A tale of two energy visions
What a luxury for me as an editor to be able to present two great articles to you. In fact, they might well be called two tales of Europe's energy future. One is about Gazprom's great new pipeline project South Stream. The other about the great Desertec project that is aimed at bringing solar power from North Africa to Europe.
South Stream is of course Moscow's prestige-ridden undertaking to retain its dominant position on the (Eastern) European gas market by bypassing the pipelines of Ukraine and squeezing out potential alternative supplies from Azerbaijan and elsewhere. After many years of technical preparations and extensive gas diplomacy, Gazprom has now made a positive final investment decision. Next week, on 7 December, South Stream will be officially launched at the Black Sea resort town of Anapa in Russia.
A (strategic) victory for Moscow? Yes, vis-a-vis Kiev and "Brussels" (in the battle for the "Southern Corridor"), it certainly is.
But does South Stream also make sense from a wider economic, gas market perspective? According to Matthew Hulbert, energy security expert and EER's lead analyst, the answer to that question is a resounding No! In a new article for EER, he argues that South Stream tells a tale of two Gazproms: Gazprom as a regional winner – and global loser.
In Matthew's view, South Stream is an attempt by Moscow to hold on to the "old" European market structure and long-term oil-indexed contracts. But an attempt that is bound to fail. Gazprom CEO Alexei Miller and Russian President Vladimir Putin, the two men to whom South Stream will be an enduring legacy, are blind to the way the global gas market is going, writes Matthew. The real action in the global gas market, he says, is in LNG, in unconventional gas and in Asia – all areas where Gazprom is conspicuously failing.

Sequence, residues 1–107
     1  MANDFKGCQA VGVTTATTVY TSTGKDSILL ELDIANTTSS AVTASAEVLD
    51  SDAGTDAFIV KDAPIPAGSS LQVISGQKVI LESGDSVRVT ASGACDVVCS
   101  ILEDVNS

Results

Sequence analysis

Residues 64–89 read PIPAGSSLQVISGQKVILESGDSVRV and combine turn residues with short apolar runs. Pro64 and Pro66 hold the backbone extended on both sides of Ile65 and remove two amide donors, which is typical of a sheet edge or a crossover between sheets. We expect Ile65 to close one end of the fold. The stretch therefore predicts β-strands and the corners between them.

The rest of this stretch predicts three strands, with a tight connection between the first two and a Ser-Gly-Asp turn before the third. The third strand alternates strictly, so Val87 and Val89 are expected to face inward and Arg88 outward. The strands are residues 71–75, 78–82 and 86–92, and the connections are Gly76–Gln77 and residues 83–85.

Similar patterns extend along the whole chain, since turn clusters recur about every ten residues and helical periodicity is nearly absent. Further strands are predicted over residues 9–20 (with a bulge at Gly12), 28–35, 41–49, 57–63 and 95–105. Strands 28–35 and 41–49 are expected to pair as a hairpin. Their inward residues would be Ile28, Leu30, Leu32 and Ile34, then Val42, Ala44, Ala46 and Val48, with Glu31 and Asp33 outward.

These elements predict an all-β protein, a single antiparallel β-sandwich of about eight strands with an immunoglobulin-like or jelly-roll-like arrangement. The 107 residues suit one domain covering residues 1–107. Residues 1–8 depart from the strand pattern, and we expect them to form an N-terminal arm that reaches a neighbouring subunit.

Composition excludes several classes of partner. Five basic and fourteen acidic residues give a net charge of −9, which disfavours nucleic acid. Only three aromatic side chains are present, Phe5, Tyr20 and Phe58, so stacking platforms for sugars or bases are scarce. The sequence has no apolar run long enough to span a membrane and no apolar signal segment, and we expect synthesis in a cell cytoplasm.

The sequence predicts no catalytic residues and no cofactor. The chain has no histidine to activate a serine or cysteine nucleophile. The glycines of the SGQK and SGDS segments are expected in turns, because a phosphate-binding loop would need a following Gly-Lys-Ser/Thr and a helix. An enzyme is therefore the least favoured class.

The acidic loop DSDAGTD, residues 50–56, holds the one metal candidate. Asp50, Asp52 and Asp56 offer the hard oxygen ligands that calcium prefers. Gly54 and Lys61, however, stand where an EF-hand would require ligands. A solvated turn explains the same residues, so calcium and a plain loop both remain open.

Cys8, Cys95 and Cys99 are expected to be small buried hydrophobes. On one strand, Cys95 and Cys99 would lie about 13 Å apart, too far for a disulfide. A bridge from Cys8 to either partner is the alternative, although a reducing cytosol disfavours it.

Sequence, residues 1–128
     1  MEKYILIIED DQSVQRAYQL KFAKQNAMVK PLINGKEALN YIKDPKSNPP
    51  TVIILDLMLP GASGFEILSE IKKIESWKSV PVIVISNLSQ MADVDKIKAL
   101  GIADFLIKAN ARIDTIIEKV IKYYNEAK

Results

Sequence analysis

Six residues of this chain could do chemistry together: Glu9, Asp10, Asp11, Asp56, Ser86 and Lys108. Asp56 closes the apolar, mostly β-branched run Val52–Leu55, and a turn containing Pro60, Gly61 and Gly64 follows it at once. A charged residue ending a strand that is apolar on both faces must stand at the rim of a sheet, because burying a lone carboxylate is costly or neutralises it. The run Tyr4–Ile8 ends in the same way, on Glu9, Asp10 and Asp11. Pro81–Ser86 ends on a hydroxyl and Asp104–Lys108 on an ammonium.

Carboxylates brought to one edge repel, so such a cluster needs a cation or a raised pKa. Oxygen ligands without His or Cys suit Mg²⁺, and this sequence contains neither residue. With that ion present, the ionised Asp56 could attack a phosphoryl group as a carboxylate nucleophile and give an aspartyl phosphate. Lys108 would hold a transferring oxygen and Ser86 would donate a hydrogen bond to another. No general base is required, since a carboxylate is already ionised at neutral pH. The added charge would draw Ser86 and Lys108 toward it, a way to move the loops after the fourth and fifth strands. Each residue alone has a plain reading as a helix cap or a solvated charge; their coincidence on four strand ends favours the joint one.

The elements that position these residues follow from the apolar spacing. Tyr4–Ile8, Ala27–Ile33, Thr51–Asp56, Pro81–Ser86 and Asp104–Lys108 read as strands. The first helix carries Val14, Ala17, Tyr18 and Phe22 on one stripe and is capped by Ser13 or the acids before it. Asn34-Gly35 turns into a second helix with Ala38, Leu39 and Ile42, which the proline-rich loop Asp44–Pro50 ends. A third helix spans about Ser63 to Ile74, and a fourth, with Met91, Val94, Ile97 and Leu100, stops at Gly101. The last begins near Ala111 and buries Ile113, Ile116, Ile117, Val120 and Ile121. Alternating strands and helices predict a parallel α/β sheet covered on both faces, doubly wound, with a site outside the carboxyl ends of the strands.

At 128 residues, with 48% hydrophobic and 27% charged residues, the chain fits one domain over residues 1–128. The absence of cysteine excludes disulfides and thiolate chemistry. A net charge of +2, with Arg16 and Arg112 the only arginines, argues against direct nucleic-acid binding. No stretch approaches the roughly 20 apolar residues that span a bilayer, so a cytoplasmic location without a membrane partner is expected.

The tale of Desertec is a very different one indeed. The Desertec vision is no doubt well-known to our readers, although it should be stressed that Desertec is not only meant as a blueprint to provide Europe with renewable energy from North African deserts – as is often thought – but is also intended to help develop that region's indigenous renewable energy sources. Surely an appealing idea – but how realistic is it?
Well, interestingly, enthusiasm for renewable energy in the Middle East and North Africa (MENA) is growing. More than that: many MENA countries are wholeheartedly embracing the pursuit of solar (and wind) energy, including Morocco, Saudi Arabia and Algeria. Indeed, Algeria recently took out a fascinating full-page ad in the Financial Times (on 22 November) which proclaimed in a large headline that Algeria is "CREATING THE PATH BEYOND OIL" and presenting the country's "AMBITIOUS NEW RENEWABLE ENERGY PROGRAM".
Surely an upbeat message for Desertec. But rather surprisingly, as our Berlin correspondent Paul Hockenos reports, the big bottlenecks for Desertec and the accompanying Desertec Industrial Initiative (DII) now lie in Europe rather than in North Africa. Paul, who recently attended DII's annual conference in Berlin, notes that two important backers of Desertec (Bosch and Siemens) quit, Spain does not want to invest in reinforcing its electricity grids, and generally in the EU support for renewable energy is wavering. As one shareholder of DII said: "What worries me is not the political situation in MENA, but rather that in Europe."
No "final investment decision" yet for Desertec, then, but the project is still moving ahead.
Although South Stream and Desertec are two totally different schemes, they do have one thing in common. They are both grand visions to develop a major source of external energy supplies for Europe.
Whether those two visions are compatible or to what exent they compete with each other – that is a question for some other time.